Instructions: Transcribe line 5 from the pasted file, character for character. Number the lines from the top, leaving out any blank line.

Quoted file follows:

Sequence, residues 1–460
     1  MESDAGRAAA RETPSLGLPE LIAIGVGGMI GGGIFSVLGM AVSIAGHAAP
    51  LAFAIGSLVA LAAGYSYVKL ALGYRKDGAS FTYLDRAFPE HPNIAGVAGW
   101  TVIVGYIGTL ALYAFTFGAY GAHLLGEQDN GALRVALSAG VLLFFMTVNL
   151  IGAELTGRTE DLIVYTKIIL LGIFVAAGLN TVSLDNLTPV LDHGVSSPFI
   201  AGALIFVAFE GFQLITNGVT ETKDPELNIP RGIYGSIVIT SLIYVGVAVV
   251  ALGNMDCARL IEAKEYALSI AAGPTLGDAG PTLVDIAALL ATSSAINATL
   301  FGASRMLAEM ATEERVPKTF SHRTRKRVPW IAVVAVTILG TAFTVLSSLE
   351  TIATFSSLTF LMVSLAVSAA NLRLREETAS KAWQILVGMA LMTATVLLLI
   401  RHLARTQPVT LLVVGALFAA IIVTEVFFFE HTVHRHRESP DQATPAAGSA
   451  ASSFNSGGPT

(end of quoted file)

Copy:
   151  IGAELTGRTE DLIVYTKIIL LGIFVAAGLN TVSLDNLTPV LDHGVSSPFI